Here is a recent list of the top Substack Politics newsletters:

Screenshot, Feb. 12, 2022

Berenson seems to be writing as much about his legal battle over Twitter’s ban as about vaccines and Covid. For him, the two are related and self-reinforcing. His newsletter is good at stoking emotional reactions, as the number of “likes” and “shares” shows:

For his part, Mercola’s approach is odd — he leaves new posts up for 48 hours on his old site before deleting them, then moving them to Substack. His old site was folded after a New York Times story last July created a massive backlash. As noted above, the overall domain seems pretty awful. After Mercola’s articles disappear, he moves them to Substack, where they are archived and viewed by paying subscribers (or “members”):

Concepts like “censorship” and “free speech” are canards thrown out by libertarians and transgressives to put legitimate critics on the defensive. Private companies can’t censor or limit free speech — instead, they select and edit. Twitter kicked Berenson out of their shop. Substack could, as well, with the CEO of the CCDH noting to the Guardian:

[Substack] could just say no. This isn’t about freedom; this is about profiting from lies. . . . Substack should immediately stop profiting from medical misinformation that can seriously harm readers.

Substack’s founders’ essay justifying their decision doesn’t show any moral strength. Their argument is that if they block some content, it will just move elsewhere. That’s true. That’s called “marginalization,” and it’s a great way to deal with liars, miscreants, fools, and frauds — you marginalize them. Mercola was marginalized, and that was a good thing. Twitter marginalized Berenson for his lies. This is how humans have dealt with village idiots and dumb bunnies for centuries. It shows disapproval, and we should disapprove of misinformation — strongly.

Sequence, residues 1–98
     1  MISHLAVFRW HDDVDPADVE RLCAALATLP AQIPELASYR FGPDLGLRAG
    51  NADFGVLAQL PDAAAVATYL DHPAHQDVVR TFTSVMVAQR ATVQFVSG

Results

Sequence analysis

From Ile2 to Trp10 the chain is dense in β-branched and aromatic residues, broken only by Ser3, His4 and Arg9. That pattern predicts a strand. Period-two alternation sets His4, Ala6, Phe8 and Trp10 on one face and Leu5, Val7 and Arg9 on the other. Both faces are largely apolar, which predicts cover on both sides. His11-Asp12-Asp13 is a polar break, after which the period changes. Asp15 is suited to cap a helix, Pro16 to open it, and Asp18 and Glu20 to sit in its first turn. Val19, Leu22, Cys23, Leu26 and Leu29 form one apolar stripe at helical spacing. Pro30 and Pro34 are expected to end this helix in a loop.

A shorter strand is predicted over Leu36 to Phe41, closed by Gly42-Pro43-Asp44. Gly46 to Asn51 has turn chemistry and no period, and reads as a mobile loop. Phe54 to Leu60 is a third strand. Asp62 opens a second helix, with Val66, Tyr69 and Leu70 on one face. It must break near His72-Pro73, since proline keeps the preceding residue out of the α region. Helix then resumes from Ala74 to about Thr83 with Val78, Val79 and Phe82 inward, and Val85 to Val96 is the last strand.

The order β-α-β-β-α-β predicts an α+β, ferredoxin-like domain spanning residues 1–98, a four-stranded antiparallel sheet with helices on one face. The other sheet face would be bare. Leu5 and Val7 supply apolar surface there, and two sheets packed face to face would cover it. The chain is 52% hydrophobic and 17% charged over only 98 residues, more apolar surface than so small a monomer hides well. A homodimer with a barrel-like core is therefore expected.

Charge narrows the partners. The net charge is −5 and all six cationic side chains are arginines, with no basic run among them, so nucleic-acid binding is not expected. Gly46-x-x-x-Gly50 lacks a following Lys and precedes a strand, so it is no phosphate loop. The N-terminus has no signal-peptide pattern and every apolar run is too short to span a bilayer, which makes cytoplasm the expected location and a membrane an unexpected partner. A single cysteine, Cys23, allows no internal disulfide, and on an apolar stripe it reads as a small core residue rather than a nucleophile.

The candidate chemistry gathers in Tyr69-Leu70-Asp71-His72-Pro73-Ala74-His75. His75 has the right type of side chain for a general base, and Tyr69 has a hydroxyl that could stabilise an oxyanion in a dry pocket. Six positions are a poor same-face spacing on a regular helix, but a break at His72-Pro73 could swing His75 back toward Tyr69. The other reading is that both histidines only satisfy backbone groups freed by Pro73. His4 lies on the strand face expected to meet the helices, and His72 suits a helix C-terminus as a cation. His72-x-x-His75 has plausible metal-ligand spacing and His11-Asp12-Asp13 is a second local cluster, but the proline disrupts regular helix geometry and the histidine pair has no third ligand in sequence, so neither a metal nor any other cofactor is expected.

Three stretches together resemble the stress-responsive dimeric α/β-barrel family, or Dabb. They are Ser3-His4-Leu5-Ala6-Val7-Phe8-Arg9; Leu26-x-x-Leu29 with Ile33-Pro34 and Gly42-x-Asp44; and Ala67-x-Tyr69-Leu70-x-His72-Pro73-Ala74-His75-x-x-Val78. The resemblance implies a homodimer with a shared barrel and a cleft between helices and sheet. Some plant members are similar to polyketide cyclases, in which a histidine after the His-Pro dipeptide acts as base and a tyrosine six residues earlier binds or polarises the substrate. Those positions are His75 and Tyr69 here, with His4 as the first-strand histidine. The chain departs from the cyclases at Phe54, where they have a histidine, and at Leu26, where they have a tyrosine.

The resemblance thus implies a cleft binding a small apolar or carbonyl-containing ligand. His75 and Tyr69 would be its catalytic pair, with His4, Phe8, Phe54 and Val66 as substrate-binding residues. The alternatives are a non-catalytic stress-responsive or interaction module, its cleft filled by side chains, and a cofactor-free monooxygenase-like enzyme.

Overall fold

Instead, Substack is now hoping to profit from misinformation by tacitly approving of it. Their sleight of hand is to make the issue “trust” rather than misinformation — trust us not to censor anyone— as if that’s an important signifier of trust. They implicitly assert that genuine trust can endure misinformation, or exist independently of it. Misinformation seeks to destroy trust. Vaccine fears were sparked by misinformation in the late-1990s, which were amplified consistently by Google. Now, we have a generation raised to distrust vaccines — because of misinformation.

Pretending the issue is trust instead of misinformation is just double-talk. Misinformation and distrust are on the same line, just at different points.

Misinformation exploits trust.

Legitimate and popular Substack experts are being attacked at the same time, and it’s not inconceivable that a “Neil Young of Substack” may pick up and leave over these issues. I’m not successful enough on the platform to be its Joni Mitchell, but I’m communicating in no uncertain terms with the founders, as are others, who are wondering if Substack as a brand and platform actually does seek to provide a counterbalance to the pernicious effects of the misinformation. Its founders seem to have abandoned that remit.